We reinforce this dangerous objectification (and loss of our human rights) when we proclaim ourselves “cyclists.”

… I AM A CITIZEN!

10 October 2012
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As the mosquitos of the modern city, cyclists are used to being swatted at, cursed at, complained about or, worse, just ignored by other citizens and authorities alike. So, it is natural that people riding bicycles feel aggrieved, outraged and self-righteous.

Being part of such an easily identifiable social group has its advantages—it’s easy to find others with similar interests, we have no shortage of conversation starters (from the latest gear to the latest close call) and simplified fundraising (you just ask your friends). But there is also a danger: cyclists often fall into the same traps that many marginalized groups do, seeing themselves as victims, outside of society and powerless. Armed with the gospel of urban salvation—the holy bicycle–we risk becoming caricatures: wild-eyed prophets preaching doom and disaster, spitting in the eye of the establishment, wearing outlandish clothing, and looking down our noses at “normal” people…
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8 October 2012
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Here’s video from the talk Elly Blue and I gave on bike economics at the Fifth National Urban Cycling conference in Mexico this year. Click to check it out!


Video streaming by Ustream

20 September 2012

(In September, 2012, I was acclaimed 2012’s Most Effective Elected Official in Transportation by the Association of Metropolitan Planning Organizations. I gave this acceptance speech on the subject of regional planning (so needed in our megapolitan regions!) and basing transportation investments on our shared human values.)

Thank you very much for this incredible honor. And thanks to my colleagues at Metro who nominated me, and did a very good job of keeping this a secret!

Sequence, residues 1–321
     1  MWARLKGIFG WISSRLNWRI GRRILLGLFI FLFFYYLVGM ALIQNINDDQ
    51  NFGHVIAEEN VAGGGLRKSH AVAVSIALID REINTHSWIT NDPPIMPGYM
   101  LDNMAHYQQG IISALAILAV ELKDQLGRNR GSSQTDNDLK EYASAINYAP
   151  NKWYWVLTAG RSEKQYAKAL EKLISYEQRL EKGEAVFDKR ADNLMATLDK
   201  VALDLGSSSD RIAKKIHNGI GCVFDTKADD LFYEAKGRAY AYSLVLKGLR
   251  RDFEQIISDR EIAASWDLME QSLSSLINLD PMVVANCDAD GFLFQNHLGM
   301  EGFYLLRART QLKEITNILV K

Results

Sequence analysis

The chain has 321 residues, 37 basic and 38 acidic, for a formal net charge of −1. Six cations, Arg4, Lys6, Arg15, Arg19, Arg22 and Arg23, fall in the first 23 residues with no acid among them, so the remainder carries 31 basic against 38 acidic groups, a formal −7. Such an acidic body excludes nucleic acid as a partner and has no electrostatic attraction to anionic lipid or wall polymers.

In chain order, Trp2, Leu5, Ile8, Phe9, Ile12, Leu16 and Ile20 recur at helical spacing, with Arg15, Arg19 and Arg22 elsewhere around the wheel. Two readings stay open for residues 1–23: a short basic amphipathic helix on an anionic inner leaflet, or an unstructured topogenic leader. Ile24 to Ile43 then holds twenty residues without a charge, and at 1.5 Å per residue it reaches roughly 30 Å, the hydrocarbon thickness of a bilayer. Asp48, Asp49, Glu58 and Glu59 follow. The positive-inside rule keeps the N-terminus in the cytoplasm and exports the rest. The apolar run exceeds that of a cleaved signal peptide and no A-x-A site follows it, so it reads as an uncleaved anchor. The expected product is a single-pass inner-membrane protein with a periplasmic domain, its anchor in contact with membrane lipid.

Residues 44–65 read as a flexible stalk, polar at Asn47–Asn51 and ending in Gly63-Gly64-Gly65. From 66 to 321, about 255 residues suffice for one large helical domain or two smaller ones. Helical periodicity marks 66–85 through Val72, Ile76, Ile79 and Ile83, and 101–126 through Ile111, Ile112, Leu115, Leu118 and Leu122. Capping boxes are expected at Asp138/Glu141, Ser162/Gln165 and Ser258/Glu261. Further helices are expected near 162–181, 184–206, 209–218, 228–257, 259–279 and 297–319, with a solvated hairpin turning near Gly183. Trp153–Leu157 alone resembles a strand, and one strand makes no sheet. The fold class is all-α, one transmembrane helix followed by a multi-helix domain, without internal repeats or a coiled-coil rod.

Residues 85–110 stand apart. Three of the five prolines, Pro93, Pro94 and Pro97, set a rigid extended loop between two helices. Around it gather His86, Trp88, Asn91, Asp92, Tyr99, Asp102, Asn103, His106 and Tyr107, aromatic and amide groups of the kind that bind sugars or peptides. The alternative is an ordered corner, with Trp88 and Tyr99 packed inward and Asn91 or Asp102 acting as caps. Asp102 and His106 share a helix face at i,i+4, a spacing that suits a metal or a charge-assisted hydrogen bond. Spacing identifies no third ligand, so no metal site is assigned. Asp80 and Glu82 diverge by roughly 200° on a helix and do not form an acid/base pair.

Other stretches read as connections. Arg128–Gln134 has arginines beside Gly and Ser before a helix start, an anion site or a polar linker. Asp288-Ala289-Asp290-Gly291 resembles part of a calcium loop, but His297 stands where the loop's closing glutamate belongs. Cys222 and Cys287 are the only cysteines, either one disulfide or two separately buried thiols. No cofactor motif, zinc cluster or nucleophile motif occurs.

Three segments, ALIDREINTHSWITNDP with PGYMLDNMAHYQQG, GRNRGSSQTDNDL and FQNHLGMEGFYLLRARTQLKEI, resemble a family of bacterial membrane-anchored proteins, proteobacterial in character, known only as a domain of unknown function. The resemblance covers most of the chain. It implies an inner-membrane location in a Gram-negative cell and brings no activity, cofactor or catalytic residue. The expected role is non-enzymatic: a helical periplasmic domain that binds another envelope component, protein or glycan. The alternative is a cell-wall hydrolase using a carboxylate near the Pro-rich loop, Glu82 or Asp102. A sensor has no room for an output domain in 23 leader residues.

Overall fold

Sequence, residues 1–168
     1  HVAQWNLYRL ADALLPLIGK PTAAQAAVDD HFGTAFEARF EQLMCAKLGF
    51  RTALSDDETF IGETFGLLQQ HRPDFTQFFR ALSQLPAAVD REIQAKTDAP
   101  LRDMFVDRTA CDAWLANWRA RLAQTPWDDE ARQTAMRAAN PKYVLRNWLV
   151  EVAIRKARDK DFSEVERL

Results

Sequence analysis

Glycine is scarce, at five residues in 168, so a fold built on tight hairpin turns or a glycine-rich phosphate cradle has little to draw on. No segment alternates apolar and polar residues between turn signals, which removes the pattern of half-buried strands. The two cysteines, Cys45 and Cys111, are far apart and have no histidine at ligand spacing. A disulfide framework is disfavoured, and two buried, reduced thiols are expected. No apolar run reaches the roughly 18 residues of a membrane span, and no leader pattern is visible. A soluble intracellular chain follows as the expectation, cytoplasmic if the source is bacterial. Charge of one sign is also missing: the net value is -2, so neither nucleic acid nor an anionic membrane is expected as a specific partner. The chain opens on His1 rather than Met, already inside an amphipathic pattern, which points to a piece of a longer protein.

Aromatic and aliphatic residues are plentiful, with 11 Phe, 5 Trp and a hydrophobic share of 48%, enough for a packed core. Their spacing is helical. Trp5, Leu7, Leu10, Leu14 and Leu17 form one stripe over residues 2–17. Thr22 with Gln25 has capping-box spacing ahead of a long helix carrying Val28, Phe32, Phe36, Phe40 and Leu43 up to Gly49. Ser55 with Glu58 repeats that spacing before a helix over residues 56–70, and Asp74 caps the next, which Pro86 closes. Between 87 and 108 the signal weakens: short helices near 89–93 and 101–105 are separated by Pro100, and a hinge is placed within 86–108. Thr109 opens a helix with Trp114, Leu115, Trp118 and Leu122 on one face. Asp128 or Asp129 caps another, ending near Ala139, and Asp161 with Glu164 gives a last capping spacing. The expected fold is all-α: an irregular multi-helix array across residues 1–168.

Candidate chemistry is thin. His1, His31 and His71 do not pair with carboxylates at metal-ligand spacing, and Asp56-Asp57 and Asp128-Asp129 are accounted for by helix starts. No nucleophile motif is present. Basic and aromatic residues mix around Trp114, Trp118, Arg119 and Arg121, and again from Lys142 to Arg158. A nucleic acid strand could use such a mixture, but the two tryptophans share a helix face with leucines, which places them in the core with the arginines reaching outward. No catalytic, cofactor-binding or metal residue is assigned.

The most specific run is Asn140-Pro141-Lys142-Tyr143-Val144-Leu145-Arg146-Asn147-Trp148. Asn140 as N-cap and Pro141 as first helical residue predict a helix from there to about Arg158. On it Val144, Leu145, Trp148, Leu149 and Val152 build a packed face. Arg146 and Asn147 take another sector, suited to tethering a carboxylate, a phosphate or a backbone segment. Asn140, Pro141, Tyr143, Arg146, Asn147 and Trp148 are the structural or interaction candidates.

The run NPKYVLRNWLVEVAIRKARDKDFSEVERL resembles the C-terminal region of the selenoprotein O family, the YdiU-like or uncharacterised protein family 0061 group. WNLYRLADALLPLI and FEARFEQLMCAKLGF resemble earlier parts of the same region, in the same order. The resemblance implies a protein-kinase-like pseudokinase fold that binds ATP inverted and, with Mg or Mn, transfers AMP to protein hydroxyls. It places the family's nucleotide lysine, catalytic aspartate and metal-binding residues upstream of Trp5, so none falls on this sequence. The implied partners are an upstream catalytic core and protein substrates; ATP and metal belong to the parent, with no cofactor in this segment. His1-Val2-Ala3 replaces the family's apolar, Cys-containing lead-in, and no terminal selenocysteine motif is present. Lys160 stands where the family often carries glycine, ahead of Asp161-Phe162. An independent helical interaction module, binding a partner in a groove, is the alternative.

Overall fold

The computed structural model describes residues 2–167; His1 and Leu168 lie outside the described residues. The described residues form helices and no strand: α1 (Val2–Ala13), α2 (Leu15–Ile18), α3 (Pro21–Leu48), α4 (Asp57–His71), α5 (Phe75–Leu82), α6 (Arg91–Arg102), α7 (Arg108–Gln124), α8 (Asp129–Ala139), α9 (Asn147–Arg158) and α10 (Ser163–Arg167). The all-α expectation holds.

I see this as an award for asking awkward questions, and for knowing when to clear the way, and for knowing when to get out of the way.

My habit of asking awkward questions (why, daddy, but, why?) led to study and work in the sciences, then to neighborhood and civic activism and on into a political career. Somewhere along the way I learned the important lesson of leadership—its not enough just to question but one must create a vision, learn to communicate this vision clearly and compellingly and to ask others for help.

My agency, Metro in Portland, Oregon, has a reputation for innovation, leadership and controversy. Yet, despite spearheading regional land use planning, comprehensive recycling and light rail, until I got elected we pretty much planned and put together our RTPs and MTIPs like everyone else—collect a list, collate and print it then divvy up the dough. And heaven help anyone who got between a mayor and his pet project! Not everyone was happy but it was a comfortable groove.

Enter this asker of awkward questions. Being a community activist and not a professional planner or administrator I didn’t know that it was enough to have a world-class model (designed by rocket scientists at Los Alamos, no less!). So I asked why. Why do we spend our money the way we do when we are getting results we don’t like? Like growing traffic congestion, sprawl and collapsing rates of kids walking and biking to school.?

So, I asked why. And, because I was now able to open some doors (and some budget amendments) we went to the public and asked them directly: We collectively spend over $700 Million of your money every year on transportation: are you getting what you want?